O GOD, who providest for thy people by thy power, and rulest over them in love: Vouchsafe so to bless thy servant our Queen, and her Government in this Dominion of Canada, that thy people may dwell in peace and safety, and thy Church serve thee in all godly quietness ...

Since the BCP 1789, PECUSA has commemorated Independence Day in a collect which gives thanks for the preservation of liberties: 

Eternal God, through whose mighty power our fathers won their liberties of old; Grant, we beseech thee, that we and all the people of this land may have grace to maintain these liberties in righteousness and peace ...

There is more than an echo here of the 1662 provision for 5th November, 30th January, and 29th May.  As with the 1662 provision for these dates, the PECUSA remembrance of 4th July is a call to perceive polity and national story not in secular terms, but as the gift of grace, meaning that duties within the polity are a part of what it is to be - in Sparrow's words - "good Christians".


In the 1662 Kalendar (and that of Canada 1962), 1st August is Lammas Day, celebrating the wheat harvest, the first harvest of the year.  It marks the turning of Summer, with August days shortening, and the first harvesting of the "kindly fruits of the earth" (the Litany).  Lammas, then, begins to orient us towards Autumn and Harvest Thanksgiving, even as we enjoy the remaining warmth and growth of late Summer.


If there is one phrase from the Prayer Book tradition particularly resonant during the long days of Summer, it is words from the Second Collect at Evensong: "may pass our time in rest and quietness".  I associate it particularly with Evensong on the Sundays of August, the evening sun streaming in through stained glass, the service having a quieter feel than during the busy times of year, and sunset still some hours after Evensong concludes.  Evensong at such times engenders gratitude for the gift and grace of the rest and quietness of Summer.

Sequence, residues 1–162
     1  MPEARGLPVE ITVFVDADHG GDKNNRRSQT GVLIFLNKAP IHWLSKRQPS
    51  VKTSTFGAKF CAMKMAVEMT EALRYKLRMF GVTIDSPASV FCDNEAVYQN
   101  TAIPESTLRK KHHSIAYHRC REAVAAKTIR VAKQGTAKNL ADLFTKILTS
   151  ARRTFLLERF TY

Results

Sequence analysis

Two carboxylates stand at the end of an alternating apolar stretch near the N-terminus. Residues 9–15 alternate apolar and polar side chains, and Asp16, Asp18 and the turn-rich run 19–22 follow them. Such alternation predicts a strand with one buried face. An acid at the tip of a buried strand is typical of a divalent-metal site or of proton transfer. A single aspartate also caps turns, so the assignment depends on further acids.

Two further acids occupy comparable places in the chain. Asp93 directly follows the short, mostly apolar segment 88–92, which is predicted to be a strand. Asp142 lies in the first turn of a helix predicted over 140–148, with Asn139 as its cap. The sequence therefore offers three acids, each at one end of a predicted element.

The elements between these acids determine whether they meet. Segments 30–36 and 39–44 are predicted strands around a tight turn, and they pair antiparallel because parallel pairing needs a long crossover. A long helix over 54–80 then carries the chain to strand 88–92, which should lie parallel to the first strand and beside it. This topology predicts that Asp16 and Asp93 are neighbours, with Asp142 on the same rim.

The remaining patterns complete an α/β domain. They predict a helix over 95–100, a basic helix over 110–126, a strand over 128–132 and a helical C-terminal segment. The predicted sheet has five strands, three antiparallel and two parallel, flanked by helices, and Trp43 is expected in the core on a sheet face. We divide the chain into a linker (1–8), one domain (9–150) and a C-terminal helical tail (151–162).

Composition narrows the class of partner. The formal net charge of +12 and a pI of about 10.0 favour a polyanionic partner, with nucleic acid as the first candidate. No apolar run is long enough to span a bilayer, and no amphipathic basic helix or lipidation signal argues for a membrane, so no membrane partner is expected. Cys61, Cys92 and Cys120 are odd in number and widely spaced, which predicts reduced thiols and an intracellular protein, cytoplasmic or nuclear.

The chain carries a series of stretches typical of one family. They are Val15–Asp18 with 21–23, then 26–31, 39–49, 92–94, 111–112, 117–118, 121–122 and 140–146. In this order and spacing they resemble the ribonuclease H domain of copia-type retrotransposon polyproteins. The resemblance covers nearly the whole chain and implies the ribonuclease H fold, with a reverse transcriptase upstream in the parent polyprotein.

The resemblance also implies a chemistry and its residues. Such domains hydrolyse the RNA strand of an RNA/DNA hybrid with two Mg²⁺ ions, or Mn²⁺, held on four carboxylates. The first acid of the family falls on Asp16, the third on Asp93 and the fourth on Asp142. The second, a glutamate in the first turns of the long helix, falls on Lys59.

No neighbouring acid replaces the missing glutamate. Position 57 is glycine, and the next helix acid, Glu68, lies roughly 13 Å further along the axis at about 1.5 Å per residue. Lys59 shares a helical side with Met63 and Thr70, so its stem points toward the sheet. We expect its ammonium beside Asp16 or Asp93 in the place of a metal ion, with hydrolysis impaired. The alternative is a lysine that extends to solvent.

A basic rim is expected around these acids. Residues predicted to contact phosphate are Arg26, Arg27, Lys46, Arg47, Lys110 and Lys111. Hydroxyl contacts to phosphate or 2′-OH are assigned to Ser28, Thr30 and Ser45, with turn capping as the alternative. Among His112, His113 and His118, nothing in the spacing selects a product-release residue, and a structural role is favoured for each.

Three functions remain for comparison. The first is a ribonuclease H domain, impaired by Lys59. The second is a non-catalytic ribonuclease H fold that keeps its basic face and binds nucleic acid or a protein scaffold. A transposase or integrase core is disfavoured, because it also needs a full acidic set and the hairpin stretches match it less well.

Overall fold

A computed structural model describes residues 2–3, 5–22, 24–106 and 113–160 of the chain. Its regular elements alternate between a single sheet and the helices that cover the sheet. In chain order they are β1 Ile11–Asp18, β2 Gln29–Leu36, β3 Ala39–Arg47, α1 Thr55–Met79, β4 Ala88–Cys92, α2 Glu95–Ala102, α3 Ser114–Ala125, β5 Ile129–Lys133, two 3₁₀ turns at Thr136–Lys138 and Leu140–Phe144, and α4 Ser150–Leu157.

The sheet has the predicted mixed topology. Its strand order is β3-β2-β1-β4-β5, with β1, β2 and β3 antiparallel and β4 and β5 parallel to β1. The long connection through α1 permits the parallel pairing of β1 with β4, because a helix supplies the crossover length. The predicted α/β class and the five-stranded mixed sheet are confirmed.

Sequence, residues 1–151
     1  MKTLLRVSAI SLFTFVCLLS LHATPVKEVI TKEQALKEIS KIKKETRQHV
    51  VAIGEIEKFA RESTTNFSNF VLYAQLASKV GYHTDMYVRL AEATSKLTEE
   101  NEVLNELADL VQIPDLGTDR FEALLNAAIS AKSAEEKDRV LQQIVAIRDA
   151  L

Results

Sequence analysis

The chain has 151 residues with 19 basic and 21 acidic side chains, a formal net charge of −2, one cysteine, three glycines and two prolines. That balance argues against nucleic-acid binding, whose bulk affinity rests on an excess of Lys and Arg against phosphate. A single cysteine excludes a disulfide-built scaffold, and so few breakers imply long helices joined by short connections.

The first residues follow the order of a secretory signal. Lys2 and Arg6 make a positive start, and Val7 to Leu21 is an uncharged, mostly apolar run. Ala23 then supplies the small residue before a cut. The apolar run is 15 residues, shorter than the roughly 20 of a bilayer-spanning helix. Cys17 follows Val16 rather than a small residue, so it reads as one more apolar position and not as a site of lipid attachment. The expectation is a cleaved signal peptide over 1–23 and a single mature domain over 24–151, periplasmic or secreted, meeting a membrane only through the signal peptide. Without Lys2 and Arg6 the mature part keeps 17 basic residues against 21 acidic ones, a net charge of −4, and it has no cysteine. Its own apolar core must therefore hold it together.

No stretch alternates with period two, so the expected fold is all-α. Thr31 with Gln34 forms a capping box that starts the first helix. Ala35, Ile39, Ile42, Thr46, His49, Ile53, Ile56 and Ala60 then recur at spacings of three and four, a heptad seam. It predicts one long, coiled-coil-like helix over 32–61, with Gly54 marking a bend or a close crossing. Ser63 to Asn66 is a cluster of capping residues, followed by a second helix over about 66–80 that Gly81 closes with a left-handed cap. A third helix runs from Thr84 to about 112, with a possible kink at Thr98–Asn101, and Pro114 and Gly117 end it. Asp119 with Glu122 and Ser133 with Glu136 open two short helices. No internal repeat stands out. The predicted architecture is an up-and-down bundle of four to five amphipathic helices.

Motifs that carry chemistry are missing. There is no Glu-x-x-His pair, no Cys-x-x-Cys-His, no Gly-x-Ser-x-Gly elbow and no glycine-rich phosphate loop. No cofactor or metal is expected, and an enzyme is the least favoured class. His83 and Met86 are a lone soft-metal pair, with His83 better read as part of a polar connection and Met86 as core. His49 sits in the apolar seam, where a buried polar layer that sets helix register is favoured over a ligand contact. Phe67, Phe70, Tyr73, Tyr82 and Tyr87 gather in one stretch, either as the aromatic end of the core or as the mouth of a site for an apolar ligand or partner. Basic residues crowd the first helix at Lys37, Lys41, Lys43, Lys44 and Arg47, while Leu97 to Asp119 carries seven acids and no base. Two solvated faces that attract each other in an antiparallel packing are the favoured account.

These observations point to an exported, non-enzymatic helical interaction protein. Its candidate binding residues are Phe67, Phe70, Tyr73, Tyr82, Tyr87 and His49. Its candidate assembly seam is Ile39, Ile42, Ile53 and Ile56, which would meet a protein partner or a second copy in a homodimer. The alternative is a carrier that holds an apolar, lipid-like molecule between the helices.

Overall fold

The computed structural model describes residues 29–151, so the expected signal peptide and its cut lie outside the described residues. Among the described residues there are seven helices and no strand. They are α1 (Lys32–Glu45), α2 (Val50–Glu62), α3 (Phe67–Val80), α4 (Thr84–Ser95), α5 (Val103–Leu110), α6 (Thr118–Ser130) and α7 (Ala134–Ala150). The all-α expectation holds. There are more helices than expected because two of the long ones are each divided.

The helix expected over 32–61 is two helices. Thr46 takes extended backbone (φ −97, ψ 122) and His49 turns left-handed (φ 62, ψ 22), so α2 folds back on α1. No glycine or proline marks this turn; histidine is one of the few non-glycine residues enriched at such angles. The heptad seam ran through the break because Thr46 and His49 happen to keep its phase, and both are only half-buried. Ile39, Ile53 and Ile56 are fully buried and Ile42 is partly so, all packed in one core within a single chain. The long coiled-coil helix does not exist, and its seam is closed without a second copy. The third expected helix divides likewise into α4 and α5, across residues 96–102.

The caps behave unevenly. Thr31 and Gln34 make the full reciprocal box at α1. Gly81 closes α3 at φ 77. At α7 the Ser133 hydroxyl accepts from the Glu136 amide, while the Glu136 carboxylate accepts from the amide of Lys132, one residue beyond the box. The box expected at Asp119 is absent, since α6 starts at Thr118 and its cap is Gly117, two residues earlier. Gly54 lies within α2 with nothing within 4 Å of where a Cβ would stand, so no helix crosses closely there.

Mention of Evensong might also make us think of a sense in which Summer begins and ends with reference to the gift of the Anglican patrimony.  The Act of Uniformity 1559 came into effect on the feast of the Nativity of St John Baptist; the Act of Uniformity 1662 came into effect on St Bartholomew's Day. 

May the long days of Summer be blessed through "the Matins, Evensong, [and] celebration of the Lord's Supper ... in such order and form as is mentioned in the said book" (Act of Uniformity 1559), and may this season by marked by "rest and quietness".

(The first painting is Robin Moline, 'Summer on the Farm'.  The second is Charles Rake, 'The Village Green, Late Summer'.)